Christopher Marlowe and Christian morality


Christopher Marlowe lived from 1564 to 1593.  Rather than examining his life, I’ll look at some of his literary output, which includes seven plays.

The plays

Dido, Queen of Carthage is based on Virgil’s Aeneid, Books I, II and IV.  Edward II, Tamburlaine Parts I and II and The Massacre at Paris are historically based.  Doctor Faustus is based on legends about a 16th century magician.  The Jew of Malta is loosely based on history – the Turks’ unsuccessful attempt to conquer the island in 1565.

None of these plays is a comedy.  The term “morality play” would fit most of them, insofar as they portray an ambitious, aspiring man, who achieves short-term goals but loses all and dies ignominiously in the end.

There are very few characters in these plays who evoke our sympathy: those who do include Queen Dido, Abigail (daughter of Barabas, the Jew of Malta), and Zenocrate (wife of Tamburlaine).  (All these ladies, moreover, die on stage.)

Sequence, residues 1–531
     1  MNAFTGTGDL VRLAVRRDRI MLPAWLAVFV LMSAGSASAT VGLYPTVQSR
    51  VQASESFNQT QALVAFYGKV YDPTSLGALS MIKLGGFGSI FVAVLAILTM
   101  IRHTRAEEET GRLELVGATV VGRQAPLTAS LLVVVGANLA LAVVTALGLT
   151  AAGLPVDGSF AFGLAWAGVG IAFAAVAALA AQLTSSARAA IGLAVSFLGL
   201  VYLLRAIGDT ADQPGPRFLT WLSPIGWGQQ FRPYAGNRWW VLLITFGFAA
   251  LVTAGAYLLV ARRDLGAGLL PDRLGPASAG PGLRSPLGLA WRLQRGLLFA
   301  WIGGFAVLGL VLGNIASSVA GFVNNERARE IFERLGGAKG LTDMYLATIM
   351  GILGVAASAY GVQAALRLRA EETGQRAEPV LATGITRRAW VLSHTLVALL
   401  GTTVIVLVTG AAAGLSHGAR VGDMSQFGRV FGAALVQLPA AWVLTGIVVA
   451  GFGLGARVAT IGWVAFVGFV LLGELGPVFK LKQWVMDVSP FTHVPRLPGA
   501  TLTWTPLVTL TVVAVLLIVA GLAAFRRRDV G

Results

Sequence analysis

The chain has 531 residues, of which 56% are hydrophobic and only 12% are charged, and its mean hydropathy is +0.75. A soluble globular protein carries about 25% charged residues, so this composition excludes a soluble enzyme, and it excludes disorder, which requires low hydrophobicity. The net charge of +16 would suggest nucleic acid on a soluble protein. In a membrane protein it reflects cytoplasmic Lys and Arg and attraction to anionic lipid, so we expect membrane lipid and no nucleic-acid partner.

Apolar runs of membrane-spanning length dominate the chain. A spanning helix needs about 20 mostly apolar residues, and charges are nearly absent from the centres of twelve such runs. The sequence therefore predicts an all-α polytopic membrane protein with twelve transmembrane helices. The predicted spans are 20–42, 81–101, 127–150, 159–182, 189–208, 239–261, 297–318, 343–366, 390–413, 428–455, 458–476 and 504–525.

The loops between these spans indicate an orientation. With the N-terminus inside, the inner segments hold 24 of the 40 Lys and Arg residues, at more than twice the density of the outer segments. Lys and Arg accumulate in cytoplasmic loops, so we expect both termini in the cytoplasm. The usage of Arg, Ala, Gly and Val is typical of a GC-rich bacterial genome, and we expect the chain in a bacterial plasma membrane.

Some of the plays are seldom performed; but seeing the Royal Shakespeare’s 2015 production of The Jew of Malta has prompted me to put down some thoughts on issues raised by this play and two others by Marlowe.


For my reading, I have used: J B Steane’s Christopher Marlowe – The Complete Plays (Penguin, 1969), H J Oliver’s Dido Queen of Carthage and The Massacre at Paris (Revels Plays, 1968), and J R Siemen’s Jew of Malta (3rd edition, New Mermaids, 2009).


Marlowe has a keen eye for conflict between social groups, based purely on religious differences, where the more powerful group oppresses the less powerful one.

The Massacre at Paris

The play is set in late 16th century France, at the time of the wars of religion, in particular, the period from 1572 to 1589.  It portrays a series of incidents where Roman Catholics mercilessly slaughter Protestants (also called Huguenots).  The Catholics are led by members of the royal family, especially the prominent and ambitious Duke of Guise.